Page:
Qantas will complete the world’s first non-stop journey between Australia's Northern Territory and the UK. Picture: Instagram/Qantas.
Qantas will complete the world’s first non-stop journey between Australia's Northern Territory and the UK. Picture: Instagram/Qantas.

Qantas to complete world’s first non-stop flight between Australia and UK

By Travel reporter Time of article published Mar 25, 2020

Share this article:

Qantas will complete the world’s first non-stop journey between Australia's Northern Territory and the UK, The Sun reported. 

The move is to get UK travellers home amid the current covid-19 outbreak that has spread across the globe. 

The Sun reported that Qantas usually flew to London via Singapore, but due to travel bans in Singapore, there will be a direct flight instead. 

The flight will take approximately 16 hours and 40 minutes. 

According to CNN Travel, Darwin was a stop on the original Kangaroo Route in the 1930s, which took 37 days and included 10 stops.

This is not the first time Qantas aeroplane pushed boundaries. 

Last year, it travelled from New York to Sydney. The 19-hour flight set a record as being the world's longest nonstop commercial passenger flight.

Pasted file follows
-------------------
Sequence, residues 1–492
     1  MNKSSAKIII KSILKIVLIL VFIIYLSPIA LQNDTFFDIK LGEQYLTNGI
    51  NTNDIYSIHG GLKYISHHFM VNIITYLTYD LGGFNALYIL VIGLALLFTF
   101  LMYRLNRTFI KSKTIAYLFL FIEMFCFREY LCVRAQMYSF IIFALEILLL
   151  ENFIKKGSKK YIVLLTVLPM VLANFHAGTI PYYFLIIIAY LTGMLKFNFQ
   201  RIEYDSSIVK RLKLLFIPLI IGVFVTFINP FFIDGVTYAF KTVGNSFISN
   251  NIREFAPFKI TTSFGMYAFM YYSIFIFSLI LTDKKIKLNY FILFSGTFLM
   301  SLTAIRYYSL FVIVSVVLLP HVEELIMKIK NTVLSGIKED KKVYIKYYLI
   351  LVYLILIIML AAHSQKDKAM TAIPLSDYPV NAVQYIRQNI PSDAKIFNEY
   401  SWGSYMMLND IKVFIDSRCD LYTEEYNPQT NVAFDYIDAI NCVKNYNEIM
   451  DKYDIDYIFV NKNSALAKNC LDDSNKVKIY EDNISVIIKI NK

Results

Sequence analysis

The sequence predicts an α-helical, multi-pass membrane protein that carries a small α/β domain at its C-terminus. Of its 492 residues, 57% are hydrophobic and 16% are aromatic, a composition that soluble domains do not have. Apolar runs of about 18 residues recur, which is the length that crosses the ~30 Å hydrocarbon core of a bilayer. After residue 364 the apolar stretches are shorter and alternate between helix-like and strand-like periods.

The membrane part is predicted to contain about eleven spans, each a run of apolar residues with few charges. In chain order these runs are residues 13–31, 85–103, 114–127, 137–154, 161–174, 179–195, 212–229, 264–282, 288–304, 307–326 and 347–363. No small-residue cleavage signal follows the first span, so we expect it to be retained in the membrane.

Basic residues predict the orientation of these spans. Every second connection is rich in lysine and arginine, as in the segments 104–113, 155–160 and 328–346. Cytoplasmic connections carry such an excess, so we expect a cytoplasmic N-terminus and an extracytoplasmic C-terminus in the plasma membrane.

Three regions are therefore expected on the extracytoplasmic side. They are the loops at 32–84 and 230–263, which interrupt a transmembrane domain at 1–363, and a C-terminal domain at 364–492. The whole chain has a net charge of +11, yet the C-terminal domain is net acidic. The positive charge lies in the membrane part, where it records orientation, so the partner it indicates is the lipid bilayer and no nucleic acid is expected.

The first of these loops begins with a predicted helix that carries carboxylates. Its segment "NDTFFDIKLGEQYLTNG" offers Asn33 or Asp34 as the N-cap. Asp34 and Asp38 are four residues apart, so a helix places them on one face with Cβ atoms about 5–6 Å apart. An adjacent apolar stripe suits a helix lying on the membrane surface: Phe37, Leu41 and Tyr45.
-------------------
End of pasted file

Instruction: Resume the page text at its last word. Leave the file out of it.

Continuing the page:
The Boeing 787-9′s 16 199km journey took months to plan. Qantas Group chief executive Alan Joyce said at the time that this was a really significant first for aviation. 

“Hopefully, it's a preview of a regular service that will speed up how people travel from one side of the globe to the other,” said Joyce.

For the New York-to-Sydney test, the passenger and baggage load was restricted to control the weight on the plane. Medical researchers and scientists worked with Qantas to make adjustments to cabin lighting, and in-flight meals were adjusted to reduce jet lag.

Rather than starting with dinner and then lights off, as night flights typically operate, the research flight began with lunch and the lights were kept on for six hours to mirror the destination's time of day.

Qantas Captain Sean Golding, who led the four pilots operating the service, said the ultralong journey went "really smoothly”. 

 

Share this article:

Related Articles